The Substance Abuse and Mental Health Services Administration (SAMHSA) defines mental illness stigma as “a range of negative attitudes, beliefs, and behaviors about mental and substance use disorders.” Mental health and substance use disorders are prevalent and among the most highly stigmatized health conditions in the United States, and they remain barriers to full participation in society in areas as basic as education, housing, and employment.

This course will explore the stigmas surrounding mental illness and provide effective strategies clinicians can use to create a therapeutic environment where clients can evaluate their attitudes, beliefs, and fears about mental illness, and ultimately find ways to overcome them. We will explore the ways in which mental illness stigmas shape our beliefs, decisions, and lives. We will then look at specific stigmas about mental illness, from the fear of being seen as crazy to the fear of losing cognitive function and the ways in which we seek to avoid these fears. We will then look at targeted strategies that, you, the clinician, can use to create a therapeutic alliance where change and healing can overcome the client’s fears. Lastly, we will look at the specific exercises you can use in session with your clients to help them address and overcome their biases and stigmas about mental illness. Course #21-24 | 2018 | 35 pages | 15 posttest questions

Click here to learn more.

Course Directions

Online courses provide instant access to the course materials (PDF download) and CE test. Successful completion of the online CE test (80% required to pass, 3 chances to take) and course evaluation are required to earn a certificate of completion. Click here to learn more. Have a question? Contact us. We’re here to help!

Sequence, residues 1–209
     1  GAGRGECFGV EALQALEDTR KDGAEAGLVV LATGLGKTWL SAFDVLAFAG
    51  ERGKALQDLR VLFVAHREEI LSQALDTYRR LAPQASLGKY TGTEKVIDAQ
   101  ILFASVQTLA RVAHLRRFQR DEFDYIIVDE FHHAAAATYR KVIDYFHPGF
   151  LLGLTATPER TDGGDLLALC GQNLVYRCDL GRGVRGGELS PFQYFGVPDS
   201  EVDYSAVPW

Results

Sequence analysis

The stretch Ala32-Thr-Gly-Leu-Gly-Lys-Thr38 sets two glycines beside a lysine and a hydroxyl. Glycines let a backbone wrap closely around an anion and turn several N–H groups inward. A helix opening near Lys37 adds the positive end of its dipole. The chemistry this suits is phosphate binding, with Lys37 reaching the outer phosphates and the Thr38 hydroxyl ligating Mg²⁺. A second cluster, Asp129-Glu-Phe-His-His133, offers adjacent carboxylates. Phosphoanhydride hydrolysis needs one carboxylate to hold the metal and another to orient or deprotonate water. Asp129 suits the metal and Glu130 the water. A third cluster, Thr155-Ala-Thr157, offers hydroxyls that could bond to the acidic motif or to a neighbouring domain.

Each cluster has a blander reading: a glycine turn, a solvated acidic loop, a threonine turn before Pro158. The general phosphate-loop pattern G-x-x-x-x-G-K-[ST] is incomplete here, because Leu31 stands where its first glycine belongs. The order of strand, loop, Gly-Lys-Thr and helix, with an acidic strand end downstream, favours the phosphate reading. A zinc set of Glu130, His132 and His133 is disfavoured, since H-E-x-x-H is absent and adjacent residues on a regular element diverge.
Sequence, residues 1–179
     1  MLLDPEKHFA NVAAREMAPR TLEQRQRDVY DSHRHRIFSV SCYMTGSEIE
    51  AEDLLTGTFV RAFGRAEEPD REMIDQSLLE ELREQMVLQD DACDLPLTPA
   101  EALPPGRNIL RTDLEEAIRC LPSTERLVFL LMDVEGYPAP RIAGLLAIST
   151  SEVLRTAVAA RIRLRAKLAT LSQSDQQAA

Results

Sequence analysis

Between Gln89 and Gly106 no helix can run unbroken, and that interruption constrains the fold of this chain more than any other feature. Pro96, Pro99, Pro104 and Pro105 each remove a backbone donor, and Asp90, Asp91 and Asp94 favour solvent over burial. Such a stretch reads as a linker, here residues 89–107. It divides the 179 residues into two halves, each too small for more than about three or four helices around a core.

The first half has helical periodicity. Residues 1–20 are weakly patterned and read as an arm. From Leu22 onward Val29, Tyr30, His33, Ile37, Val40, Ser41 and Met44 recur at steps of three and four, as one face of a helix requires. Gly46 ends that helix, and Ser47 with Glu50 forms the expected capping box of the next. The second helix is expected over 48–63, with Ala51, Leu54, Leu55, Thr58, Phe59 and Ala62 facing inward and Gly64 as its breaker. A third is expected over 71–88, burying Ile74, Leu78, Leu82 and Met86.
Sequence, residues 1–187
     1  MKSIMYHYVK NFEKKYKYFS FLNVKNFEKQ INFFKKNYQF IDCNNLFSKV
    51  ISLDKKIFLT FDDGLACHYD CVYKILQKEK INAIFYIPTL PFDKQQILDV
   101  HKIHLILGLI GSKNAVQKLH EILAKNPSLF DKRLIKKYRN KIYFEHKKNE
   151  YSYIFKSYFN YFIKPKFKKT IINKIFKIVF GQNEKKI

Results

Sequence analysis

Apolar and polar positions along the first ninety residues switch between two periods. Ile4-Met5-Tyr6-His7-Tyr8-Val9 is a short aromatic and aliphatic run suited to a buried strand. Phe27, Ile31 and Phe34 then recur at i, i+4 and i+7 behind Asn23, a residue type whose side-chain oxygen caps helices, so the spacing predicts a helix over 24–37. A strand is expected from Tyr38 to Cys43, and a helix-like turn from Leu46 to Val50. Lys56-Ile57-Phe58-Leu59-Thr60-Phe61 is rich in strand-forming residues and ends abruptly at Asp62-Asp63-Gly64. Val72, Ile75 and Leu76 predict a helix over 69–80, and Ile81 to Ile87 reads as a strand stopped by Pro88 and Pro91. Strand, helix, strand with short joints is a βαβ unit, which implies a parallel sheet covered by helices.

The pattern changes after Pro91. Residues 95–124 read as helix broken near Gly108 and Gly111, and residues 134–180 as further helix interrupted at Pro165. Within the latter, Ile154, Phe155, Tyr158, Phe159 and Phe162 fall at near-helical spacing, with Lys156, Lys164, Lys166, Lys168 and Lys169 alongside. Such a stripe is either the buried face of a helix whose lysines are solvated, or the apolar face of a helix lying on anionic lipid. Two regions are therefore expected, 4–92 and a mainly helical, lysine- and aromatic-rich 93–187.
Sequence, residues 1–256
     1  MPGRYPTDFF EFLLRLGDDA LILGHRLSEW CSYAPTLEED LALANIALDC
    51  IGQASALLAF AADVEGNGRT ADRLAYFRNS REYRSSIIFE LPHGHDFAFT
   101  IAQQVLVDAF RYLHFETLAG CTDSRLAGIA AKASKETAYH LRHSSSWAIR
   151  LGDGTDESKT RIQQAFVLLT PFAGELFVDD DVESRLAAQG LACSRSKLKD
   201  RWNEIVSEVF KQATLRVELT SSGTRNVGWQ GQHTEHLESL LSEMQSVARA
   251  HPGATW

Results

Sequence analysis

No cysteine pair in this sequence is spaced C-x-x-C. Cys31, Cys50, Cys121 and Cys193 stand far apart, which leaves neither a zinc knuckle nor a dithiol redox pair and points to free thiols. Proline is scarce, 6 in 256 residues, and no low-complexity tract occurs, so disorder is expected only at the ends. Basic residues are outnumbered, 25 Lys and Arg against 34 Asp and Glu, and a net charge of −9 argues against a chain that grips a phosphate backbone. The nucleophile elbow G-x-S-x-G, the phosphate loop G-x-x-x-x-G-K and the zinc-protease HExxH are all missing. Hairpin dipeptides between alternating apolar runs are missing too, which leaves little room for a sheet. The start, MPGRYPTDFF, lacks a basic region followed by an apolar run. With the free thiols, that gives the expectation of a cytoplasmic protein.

Professional Development Resources is a nonprofit educational corporation 501(c)(3) organized in 1992. We are approved to sponsor continuing education by the American Psychological Association (APA); the National Board of Certified Counselors (NBCC); the Association of Social Work Boards (ASWB); the American Occupational Therapy Association (AOTA); the American Speech-Language-Hearing Association (ASHA); the Commission on Dietetic Registration (CDR); the Alabama State Board of Occupational Therapy; the Florida Boards of Social Work, Mental Health Counseling and Marriage and Family Therapy, Psychology & School Psychology, Dietetics & Nutrition, Speech-Language Pathology and Audiology, and Occupational Therapy Practice; the Ohio Counselor, Social Worker & MFT Board and Board of Speech-Language Pathology and Audiology; the South Carolina Board of Professional Counselors & MFTs; the Texas Board of Examiners of Marriage & Family Therapists and State Board of Social Worker Examiners; and are CE Broker compliant (all courses are reported within a few days of completion).

Target Audience: PsychologistsCounselorsSocial WorkersMarriage & Family Therapist (MFTs)Speech-Language Pathologists (SLPs)Occupational Therapists (OTs)Registered Dietitian Nutritionists (RDNs)School Psychologists, and Teachers

Earn CE Wherever YOU Love to Be!